“Well written and an interesting perspective.” Clan Rossi --- “Your article is too good about Japanese business pushing nuclear power.” Consulting Group --- “Thank you for the article. It was quite useful for me to wrap up things quickly and effectively.” Taylor Johnson, Credit Union Lobby Management --- “Great information! I love your blog! You always post interesting things!” Jonathan N.

Sunday, October 14, 2018

Steve Jobs at Apple: A Visionary

Typically as a company transitions from an enterprising, creative new venture to a large organization to be managed, a staid CEO replaces a visionary founder. In the case of Steve Jobs at Apple, the very nature of the man’s vision was not only inherently at odds with the status-quo underpinning of a large organization with a budget, but also essential to the company’s business model. Hence, the company, including its shareholders, paid a price for years for jettisoning Jobs. The film, Jobs (2013), is centered on the distinctiveness of Jobs’ vision. Although the film also hints at why this distinctiveness is such that the company would (and did) lose as a large organization after making the typical founder-to-CEO transition.



The full essay is at "Jobs."

Friday, October 12, 2018

On a Blatant Conflict of Interest in Georgia


A coalition of advocacy groups launched a lawsuit on October 11, 2018 to “block Georgia from enforcing a practice critics say endangers the votes of more than 50,000 people in [the upcoming election] and potentially larger numbers heading into the 2020 presidential election cycle.”[i] Kemp was at the time Georgia’s Secretary of State, which means he had considerable discretion concerning how the election would be run. The conflict of interest lies in the fact that he was running for governor—interestingly against Stacey Abrams, a candidate who had been a voter-rights lawyer! I submit that such a conflict of interest should never have been permitted.

The full essay is at "Georgia's Conflict of Interest."

Thursday, October 11, 2018

Congressional Cuts to Food Stamps: Violating a Human Right?

During the debate in the U.S. House of Representatives in June 2013 on a proposed $20.5 billion in cuts over 10 years to the Supplemental Nutrition Assistance Program (SNAP), otherwise known as food stamps, proponents of the cuts denied that they would make it more difficult for the poor to feed themselves. Rep. Rick Crawford claimed that the cuts would be “eliminating abuse.”[1] For example, some drug addicts sell their “food stamps” for something like half value and use the cash to buy drugs. The addicts manage to get their food at pantries and soup kitchens. While such fraud exists, the proposed cuts would have hit bone. According to the Center on Budget and Policy Priorities, nearly 2 million people would lose SNAP eligibility were the cuts to become law.[2] After the debate, “Tea Party” Republicans wanting even more cut combined with Democrats against any cuts defeated the proposal.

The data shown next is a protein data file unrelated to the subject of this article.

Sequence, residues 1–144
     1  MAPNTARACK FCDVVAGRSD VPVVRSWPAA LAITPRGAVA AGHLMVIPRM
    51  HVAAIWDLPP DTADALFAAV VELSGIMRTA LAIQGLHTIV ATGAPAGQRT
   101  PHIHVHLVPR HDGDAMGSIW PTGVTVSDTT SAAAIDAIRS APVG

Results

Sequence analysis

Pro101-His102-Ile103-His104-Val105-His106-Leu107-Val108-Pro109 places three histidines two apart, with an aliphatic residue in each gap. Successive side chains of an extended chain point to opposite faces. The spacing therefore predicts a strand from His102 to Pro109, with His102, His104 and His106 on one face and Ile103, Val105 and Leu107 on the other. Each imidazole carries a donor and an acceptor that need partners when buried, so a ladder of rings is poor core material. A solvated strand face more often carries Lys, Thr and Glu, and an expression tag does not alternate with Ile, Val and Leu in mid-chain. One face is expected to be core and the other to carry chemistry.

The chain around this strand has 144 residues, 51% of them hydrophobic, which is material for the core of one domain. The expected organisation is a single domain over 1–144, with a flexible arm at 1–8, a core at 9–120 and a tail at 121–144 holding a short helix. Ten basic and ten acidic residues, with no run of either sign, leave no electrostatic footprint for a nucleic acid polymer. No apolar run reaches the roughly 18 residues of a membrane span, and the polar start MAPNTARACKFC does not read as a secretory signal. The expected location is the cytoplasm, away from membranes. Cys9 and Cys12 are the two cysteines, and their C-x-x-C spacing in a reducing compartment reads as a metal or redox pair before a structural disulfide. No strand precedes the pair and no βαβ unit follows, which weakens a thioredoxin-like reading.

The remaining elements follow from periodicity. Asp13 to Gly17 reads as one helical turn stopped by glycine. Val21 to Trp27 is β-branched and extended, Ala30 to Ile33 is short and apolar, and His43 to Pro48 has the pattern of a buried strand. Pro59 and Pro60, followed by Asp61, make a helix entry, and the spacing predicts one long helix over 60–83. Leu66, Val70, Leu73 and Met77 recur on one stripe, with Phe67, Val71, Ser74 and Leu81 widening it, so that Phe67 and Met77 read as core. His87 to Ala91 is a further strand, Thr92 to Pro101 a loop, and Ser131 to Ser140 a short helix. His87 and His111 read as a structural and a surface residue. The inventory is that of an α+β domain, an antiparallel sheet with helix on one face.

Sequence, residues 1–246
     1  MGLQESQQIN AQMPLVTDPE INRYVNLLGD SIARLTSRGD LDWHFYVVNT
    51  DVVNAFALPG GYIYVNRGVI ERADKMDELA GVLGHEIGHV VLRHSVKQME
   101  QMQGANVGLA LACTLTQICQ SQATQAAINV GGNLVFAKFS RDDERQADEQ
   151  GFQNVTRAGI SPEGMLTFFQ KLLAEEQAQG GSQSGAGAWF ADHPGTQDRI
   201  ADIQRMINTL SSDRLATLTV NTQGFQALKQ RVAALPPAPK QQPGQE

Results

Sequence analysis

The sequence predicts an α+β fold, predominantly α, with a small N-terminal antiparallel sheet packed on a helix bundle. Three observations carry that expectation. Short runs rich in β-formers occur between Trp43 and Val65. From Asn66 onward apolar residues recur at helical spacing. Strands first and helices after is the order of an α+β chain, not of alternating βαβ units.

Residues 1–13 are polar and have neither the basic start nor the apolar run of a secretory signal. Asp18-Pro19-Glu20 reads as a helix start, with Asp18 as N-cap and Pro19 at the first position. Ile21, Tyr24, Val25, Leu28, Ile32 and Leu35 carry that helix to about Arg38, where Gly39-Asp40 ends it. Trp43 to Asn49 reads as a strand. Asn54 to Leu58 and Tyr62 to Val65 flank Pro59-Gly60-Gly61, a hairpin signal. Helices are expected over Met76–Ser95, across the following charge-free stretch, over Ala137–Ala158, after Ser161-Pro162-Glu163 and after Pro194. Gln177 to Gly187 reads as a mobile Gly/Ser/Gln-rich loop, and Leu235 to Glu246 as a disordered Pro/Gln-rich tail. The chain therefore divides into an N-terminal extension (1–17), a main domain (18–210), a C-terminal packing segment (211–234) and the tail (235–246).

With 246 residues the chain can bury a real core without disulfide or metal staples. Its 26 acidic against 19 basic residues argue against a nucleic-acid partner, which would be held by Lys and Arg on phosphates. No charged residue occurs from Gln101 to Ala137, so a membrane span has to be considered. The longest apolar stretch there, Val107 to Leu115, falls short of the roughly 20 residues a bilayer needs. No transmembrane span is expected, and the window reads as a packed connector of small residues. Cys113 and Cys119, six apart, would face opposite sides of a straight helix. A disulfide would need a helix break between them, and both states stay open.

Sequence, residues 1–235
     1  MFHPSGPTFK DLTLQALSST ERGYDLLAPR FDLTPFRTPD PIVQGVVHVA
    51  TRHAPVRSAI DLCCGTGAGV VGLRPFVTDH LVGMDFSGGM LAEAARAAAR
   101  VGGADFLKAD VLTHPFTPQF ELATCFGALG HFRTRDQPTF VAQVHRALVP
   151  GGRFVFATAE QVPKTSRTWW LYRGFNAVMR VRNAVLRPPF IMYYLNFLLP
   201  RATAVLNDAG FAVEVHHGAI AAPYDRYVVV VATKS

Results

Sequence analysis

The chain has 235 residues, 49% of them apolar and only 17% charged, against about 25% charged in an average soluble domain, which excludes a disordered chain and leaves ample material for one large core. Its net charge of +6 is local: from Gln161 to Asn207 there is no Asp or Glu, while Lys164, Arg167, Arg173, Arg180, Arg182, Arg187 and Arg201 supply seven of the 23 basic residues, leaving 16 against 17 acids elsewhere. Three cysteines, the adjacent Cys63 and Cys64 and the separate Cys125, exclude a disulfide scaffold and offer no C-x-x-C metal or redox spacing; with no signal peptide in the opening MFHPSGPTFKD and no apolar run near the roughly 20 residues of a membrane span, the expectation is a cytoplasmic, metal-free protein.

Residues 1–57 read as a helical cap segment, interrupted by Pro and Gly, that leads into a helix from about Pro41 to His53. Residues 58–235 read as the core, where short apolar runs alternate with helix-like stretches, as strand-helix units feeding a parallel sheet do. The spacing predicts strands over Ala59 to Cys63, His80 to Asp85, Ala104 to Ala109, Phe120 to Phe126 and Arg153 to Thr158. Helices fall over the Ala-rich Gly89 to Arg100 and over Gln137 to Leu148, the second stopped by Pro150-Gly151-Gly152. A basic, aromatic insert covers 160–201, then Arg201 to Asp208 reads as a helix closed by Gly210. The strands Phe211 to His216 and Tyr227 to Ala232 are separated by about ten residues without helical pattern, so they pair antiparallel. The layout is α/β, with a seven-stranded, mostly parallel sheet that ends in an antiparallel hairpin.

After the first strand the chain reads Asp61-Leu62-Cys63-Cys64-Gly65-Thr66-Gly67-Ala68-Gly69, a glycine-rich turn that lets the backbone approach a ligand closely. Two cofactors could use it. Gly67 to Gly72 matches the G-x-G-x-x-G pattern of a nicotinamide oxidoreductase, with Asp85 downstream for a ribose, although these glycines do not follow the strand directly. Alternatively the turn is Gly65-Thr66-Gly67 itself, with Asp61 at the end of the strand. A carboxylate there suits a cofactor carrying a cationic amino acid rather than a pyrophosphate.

The full essay is at "Congressional Cuts to Food Stamps."


1. Ned Resnikoff, “House Debates $20.5 Billion Cuts to Food Stamps,” MSNBC, June 18, 2013.
2. Dottie Rosenbaum and Stacy Dean, “House Agricultural Committee Farm Bill Would Cut Nearly 2 Million People Off SNAP,” The Center on Budget and Policy Priorities, May 16, 2013. “By eliminating the categorical eligibility state option, which over 40 states have adopted, the bill would cut nearly 2 million low-income people off SNAP.”

Food as a Human Right: A Basis in Rousseau

The natural right to food unconditionally in society is based, I contend, on the assumption that it is because a person without food is in society that he or she is going without. In other words, were he or she in the state of nature, acquiring enough food would not be a problem. Rousseau makes this point in his Discourse on Inequality.[1]
Jean-Jacques Rousseau (1712-1778)  Source: Wikimedia Commons.

The full essay is at "Food as a Human Right: Rousseau."


1. Rousseau, Jean-Jacques, Discourse on the Origins of Inequality, Harvard Classics, Charles W. Eliot, ed., Vol. 34 (Cambridge: Harvard University Press,1910).

Income Inequality: Natural or Artificial?

In the United States, the disposable income of families in the middle of the income distribution shrank by 4 percent between 2000 and 2010, according to the OECD.[1] Over roughly the same period, the income of the top 1 percent increased by 11 percent. In 2012, the average CEO of one of the 350 largest U.S. companies made about $14.07 million, while the average pay for a non-supervisory worker was $51,200.[2] In other words, the average CEO made 273 times more than the average worker. In 1965, CEOs were paid just 20 times more; by 2000, the figure peaked at 383 times. The ratio fell in the wake of the dot-com bubble and then in the financial crisis and its recession, but in 2010 the ratio began to rebound. According to an OECD report, rising incomes of the top 1 percent in the E.U. accounted for the rising income inequality in Europe in 2012, though that level of inequality was “notably less” than the one in the U.S.”[3]  Nevertheless, in both cases the increasing economic gap between the very rich and everyone else was not limited to the E.U. and U.S.; a rather pronounced global phenomenon of increasing economic inequality was clearly in the works by 2013.